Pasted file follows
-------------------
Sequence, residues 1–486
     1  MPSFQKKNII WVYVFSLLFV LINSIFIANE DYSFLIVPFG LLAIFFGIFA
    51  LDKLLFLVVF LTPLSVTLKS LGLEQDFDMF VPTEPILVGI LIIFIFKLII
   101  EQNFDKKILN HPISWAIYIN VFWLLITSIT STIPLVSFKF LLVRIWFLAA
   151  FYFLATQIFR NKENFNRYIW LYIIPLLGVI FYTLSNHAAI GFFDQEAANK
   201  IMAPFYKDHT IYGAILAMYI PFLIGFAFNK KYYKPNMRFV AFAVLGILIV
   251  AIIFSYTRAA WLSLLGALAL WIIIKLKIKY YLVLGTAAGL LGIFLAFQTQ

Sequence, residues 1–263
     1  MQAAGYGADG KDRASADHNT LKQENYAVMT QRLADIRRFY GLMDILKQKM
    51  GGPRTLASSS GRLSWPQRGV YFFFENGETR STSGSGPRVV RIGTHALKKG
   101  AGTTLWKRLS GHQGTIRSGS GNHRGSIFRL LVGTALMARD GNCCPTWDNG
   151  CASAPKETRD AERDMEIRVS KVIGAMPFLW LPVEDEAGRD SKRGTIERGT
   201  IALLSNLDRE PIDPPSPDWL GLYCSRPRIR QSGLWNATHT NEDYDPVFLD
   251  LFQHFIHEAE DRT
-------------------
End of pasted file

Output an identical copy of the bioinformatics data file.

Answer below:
Sequence, residues 1–486
     1  MPSFQKKNII WVYVFSLLFV LINSIFIANE DYSFLIVPFG LLAIFFGIFA
    51  LDKLLFLVVF LTPLSVTLKS LGLEQDFDMF VPTEPILVGI LIIFIFKLII
   101  EQNFDKKILN HPISWAIYIN VFWLLITSIT STIPLVSFKF LLVRIWFLAA
   151  FYFLATQIFR NKENFNRYIW LYIIPLLGVI FYTLSNHAAI GFFDQEAANK
   201  IMAPFYKDHT IYGAILAMYI PFLIGFAFNK KYYKPNMRFV AFAVLGILIV
   251  AIIFSYTRAA WLSLLGALAL WIIIKLKIKY YLVLGTAAGL LGIFLAFQTQ

Sequence, residues 1–263
     1  MQAAGYGADG KDRASADHNT LKQENYAVMT QRLADIRRFY GLMDILKQKM
    51  GGPRTLASSS GRLSWPQRGV YFFFENGETR STSGSGPRVV RIGTHALKKG
   101  AGTTLWKRLS GHQGTIRSGS GNHRGSIFRL LVGTALMARD GNCCPTWDNG
   151  CASAPKETRD AERDMEIRVS KVIGAMPFLW LPVEDEAGRD SKRGTIERGT
   201  IALLSNLDRE PIDPPSPDWL GLYCSRPRIR QSGLWNATHT NEDYDPVFLD
   251  LFQHFIHEAE DRT